for n in names:
w.writerow([i.encode("utf-8") for i in n]) #write each row


Done, We’ve scraped a multi-page PDF using python. All in all this was a fairly
quick way to get the data out of a PDF using the scraperwiki module.

Flattr this! – converting 700Gb of data to a map.

- September 6, 2012 in Data Stories

In this post, Michael Bauer explains how he wrangled data from measurement lab in order to create this visualisation of netneutrality, which maps interference with end user internet access.

Netneutrality describes the principle that data packets should be transported as best as possible over the internet without discrimination as to their origin, application or content. Whether or not we need legal measures to protect this principle is currently under discussion in the European Union and in the US.

The European Commission have frequently stated that there is no data to demonstrate the need for regulation. However, this data does exist: The measurement-lab initiative has collected large amounts of data from tests designed to detect interference with end user internet access. I decided to explore whether we can use some of the data and visualize it. The result?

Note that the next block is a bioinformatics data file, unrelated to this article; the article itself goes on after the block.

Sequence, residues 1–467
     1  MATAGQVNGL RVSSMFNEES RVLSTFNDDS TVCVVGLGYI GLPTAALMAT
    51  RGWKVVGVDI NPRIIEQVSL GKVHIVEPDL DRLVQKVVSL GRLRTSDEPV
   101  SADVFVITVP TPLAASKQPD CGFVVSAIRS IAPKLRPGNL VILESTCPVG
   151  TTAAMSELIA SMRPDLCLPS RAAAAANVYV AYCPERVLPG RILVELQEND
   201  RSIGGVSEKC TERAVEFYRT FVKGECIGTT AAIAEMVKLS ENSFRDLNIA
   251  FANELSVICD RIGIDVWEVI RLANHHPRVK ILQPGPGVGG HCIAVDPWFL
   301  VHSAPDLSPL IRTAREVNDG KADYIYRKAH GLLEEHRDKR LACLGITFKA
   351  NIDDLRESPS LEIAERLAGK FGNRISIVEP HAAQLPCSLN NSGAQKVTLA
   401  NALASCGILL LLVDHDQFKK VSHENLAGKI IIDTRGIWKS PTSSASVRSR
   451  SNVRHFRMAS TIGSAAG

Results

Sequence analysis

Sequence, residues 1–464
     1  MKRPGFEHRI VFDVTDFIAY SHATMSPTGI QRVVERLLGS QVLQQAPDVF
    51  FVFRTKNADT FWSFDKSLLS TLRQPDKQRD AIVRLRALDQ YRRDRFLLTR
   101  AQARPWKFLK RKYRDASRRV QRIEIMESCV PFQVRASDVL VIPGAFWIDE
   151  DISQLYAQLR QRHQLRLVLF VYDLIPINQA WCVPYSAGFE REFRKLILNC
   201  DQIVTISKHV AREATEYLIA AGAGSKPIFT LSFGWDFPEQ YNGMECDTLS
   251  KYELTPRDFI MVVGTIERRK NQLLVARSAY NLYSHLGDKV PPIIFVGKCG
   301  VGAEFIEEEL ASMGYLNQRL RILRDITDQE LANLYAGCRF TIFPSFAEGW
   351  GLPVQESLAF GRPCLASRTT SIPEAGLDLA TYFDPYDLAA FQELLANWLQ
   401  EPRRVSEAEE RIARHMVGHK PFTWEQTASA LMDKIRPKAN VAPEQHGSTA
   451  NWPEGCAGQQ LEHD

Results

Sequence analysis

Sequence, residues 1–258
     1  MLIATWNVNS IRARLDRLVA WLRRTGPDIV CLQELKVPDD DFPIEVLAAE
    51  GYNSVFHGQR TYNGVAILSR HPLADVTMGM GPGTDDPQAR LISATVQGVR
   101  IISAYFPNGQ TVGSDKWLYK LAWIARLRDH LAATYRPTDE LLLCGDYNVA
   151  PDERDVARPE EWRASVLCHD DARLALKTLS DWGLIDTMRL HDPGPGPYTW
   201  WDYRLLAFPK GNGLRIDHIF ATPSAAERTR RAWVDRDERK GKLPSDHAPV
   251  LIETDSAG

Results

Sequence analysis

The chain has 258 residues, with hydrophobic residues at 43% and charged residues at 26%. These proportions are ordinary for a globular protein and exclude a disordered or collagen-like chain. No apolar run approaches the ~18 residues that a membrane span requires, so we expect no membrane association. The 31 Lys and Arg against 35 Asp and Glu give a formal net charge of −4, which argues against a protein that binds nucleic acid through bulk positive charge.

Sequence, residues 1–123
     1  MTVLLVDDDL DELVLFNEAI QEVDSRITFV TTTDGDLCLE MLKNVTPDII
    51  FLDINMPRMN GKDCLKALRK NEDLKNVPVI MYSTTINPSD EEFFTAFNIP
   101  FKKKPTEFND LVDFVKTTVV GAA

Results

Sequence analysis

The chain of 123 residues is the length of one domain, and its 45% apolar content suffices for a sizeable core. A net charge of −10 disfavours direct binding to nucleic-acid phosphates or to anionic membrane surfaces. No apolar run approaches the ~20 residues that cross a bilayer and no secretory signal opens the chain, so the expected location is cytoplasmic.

Data acquisition: Google Storage

Measurement lab releases all their data with CC-0 licenses. This allows other researchers and curious people to play with the data. The datasets are stored as archives on Google storage. Google has created a set of utilities to retrieve them: gsutils. If you are curious about how to use it, look at the recipe in the school of data handbook.

All the data that I needed was in the archives – alongside a lot of data that I didn’t need. So I ended up downloading 2Gb data for a single day of tests, and actually only using a few megabytes of it.

Data Wrangling: Design decisions, parsing and storage

Having a concept of how to do things when you are starting out always pays. I wanted to keep a slim backend for the data and do the visualizations in browser. This pretty much reduced my options to either having a good API backend or JSON. Since I intend to update the data once a day, I only need to analyze and generate the data for the frontend once a day. So I decided to produce static json files using a specific toolchain.